But Oak Park’s complicated racial dynamics had become a point of intense dialogue on Facebook not long after the no-confidence petition was created and as rumors of possible parent protests swirled.
Makesha Flournoy-Benson, the founder and co-president of Oak Park Diversity Council — a group that promotes equity, inclusion and diversity in D97 schools — wrote in a Facebook post on Sept. 30 that the effort “by largely wealthy families” to push Kelley and administrators to return students to in-person learning “is privilege at its best and it’s sick.”
“I’ve lived in this community a very long time,” wrote Gina Harris in a Facebook post on Oct. 1. Harris is a school board member at District 200 OPRF and also a climate and culture staff member at District 97. “What we keep seeing, these acts of aggression, whether they be personally directed towards leaders in our school districts, verbal assaults on people who don’t look like you, continued denial of white supremacy culture in our very midst, is at the root of it all and we have to stop. And call it out.”
Harris added that “the administration in our school districts are both led by Black women. There is zero doubt in my mind that part of the continual questioning, lack of respect and outright intent to harm is brought about by an underlying belief that stems from white supremacy culture.”
Oak Park Trustee Arti Walker-Peddakotla wrote in an Oct. 1 Facebook post that D97’s response to the pandemic “has been malleable — as it should be, with this ever evolving pandemic,” before adding that “instead of fighting the situation, we could work to protect those most struggling. We could work to create new modalities of learning for [special needs students]. We could create new ways of tackling the opportunity gap in our schools. We could demand that every child’s needs be met — not just ours.”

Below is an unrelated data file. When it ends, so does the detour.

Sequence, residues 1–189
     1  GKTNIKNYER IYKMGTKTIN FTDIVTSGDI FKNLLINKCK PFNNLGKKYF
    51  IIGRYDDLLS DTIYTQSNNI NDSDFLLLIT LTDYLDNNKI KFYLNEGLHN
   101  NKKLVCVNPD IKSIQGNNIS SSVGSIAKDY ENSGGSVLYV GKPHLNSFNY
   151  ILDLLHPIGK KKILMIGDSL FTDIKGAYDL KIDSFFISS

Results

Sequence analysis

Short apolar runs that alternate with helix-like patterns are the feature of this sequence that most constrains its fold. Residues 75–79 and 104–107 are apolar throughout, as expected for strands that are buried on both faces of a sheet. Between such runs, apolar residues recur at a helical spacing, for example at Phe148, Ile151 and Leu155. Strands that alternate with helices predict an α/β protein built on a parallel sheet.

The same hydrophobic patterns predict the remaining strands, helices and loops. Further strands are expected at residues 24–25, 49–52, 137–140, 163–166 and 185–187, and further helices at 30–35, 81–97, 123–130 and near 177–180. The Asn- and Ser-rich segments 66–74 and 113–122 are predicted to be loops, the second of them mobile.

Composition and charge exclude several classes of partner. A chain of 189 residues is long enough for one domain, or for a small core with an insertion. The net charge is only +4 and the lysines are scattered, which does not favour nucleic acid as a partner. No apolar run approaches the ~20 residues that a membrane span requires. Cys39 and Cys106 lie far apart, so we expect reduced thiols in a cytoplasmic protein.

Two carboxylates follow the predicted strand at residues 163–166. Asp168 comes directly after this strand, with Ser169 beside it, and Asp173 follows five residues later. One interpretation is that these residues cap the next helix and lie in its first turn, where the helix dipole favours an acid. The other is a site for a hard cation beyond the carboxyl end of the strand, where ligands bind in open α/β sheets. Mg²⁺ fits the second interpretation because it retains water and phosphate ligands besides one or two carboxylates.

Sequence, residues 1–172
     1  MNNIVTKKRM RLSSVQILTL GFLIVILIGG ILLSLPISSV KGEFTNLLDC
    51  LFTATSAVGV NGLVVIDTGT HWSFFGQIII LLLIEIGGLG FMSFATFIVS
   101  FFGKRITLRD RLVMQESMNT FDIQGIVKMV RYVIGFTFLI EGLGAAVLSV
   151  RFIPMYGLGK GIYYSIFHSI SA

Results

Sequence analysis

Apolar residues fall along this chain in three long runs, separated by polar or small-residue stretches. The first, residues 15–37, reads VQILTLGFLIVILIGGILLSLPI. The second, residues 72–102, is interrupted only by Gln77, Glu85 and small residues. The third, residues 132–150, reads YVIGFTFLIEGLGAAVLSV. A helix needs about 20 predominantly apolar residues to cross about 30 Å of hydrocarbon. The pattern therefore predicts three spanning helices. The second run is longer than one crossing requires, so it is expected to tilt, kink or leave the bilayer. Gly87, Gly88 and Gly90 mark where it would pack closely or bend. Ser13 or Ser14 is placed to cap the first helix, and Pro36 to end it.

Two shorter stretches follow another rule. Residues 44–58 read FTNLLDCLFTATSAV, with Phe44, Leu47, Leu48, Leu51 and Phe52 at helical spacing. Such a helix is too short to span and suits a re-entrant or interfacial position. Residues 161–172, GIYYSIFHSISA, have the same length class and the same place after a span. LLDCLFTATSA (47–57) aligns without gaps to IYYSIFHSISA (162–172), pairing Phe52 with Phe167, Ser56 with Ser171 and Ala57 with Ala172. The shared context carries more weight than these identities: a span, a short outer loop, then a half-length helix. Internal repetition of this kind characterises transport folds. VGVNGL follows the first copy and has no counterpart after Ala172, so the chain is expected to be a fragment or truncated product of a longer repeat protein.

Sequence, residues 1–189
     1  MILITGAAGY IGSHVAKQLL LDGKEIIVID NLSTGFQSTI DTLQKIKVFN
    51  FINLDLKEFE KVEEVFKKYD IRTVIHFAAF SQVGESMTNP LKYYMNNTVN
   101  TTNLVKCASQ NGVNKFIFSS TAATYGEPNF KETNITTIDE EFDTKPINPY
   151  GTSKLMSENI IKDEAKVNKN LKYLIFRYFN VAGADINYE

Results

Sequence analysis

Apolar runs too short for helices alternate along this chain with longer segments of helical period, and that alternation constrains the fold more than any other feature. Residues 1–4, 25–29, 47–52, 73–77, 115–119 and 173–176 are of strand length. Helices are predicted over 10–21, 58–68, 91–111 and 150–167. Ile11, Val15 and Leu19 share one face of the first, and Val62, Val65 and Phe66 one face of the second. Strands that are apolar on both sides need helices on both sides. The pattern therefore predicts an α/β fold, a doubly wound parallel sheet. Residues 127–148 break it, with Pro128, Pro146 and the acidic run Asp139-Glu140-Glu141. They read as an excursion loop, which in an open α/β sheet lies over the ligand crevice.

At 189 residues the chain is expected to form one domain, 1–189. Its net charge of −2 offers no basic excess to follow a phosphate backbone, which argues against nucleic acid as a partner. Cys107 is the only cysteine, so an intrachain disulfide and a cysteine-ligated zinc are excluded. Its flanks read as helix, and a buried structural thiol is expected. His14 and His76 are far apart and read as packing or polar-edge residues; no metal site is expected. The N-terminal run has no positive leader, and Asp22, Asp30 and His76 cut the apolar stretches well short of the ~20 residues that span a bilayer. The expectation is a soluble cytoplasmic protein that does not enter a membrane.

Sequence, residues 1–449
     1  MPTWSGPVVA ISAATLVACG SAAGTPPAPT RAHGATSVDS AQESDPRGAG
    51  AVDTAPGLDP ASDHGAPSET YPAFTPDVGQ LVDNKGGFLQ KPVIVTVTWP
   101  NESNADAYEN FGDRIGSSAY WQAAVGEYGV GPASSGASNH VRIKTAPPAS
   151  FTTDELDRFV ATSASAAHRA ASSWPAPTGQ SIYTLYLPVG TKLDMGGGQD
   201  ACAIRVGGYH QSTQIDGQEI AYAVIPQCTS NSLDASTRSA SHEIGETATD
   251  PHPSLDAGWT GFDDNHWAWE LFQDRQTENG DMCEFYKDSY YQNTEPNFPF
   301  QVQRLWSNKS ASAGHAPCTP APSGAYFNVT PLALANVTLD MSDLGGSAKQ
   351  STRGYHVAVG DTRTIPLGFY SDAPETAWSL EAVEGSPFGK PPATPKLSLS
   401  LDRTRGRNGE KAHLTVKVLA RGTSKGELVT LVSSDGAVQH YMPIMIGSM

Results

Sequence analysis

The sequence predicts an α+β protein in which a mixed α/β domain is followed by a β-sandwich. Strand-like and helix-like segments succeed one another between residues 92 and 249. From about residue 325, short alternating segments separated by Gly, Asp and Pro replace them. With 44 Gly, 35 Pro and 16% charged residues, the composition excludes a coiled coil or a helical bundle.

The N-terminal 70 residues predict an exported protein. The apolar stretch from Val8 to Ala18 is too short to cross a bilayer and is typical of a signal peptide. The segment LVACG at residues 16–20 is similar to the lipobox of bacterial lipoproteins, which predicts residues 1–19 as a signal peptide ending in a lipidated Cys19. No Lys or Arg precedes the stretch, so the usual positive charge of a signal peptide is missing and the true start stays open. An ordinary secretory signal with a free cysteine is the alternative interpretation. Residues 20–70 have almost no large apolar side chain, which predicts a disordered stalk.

Some parents who were unsatisfied with the D97 administration’s response said that a series of communications Kelley had released on Oct. 1 and Oct. 2 had helped to ameliorate their concerns.
“Over the past 24 hours, a group of parents have questioned our decisions around opening,” Kelley wrote in a letter to families on Oct. 1. “Our team has been cautious, yet focused on plans that can be sustained, to prevent future interruptions for our families. Further, we’ve been consistent in our goal of providing in-person learning options for all, to the extent that it’s safe, by the beginning of the second trimester (November 30).”
Kelley said that “there are a number of moving parts associated with reopening our buildings — scheduling, staff accommodations, finalizing safety protocols, etc.,” before mentioning that the district sent a survey to staff members about plans to return to classrooms and that another survey will be sent to families this month to determine whether they prefer hybrid or full remote learning.
She added that the district has started a “phased-in approach” to hybrid learning. Last month, the district allowed a small group of special education students in the district’s “multi-needs program” to begin receiving on-site instruction and support at Percy Julian Middle School. And the district is working to bring in more groups, she said.
Kelley said that administrators will share with parents a “framework for reopening” by Friday.
“For now, we’re pleased,” said Maas. “There is definite forward progress. I’m definitely hoping that this Friday, we get a more concrete picture of both the plan and the timeline, but I do think having this is definitely a step in the right direction. A lot of us are happy with that.”
In her letter to families on Oct. 1, Kelley urged patience.
“I realize that many are anxious to return to normalcy,” she stated. “I am too, but I’m also committed to keeping all of your children and our teachers safe. All I ask is the same thing expected of anyone during times of trouble: Patience. Understanding. Grace. Our children are watching and learning from each of us. Let’s show them our best selves.”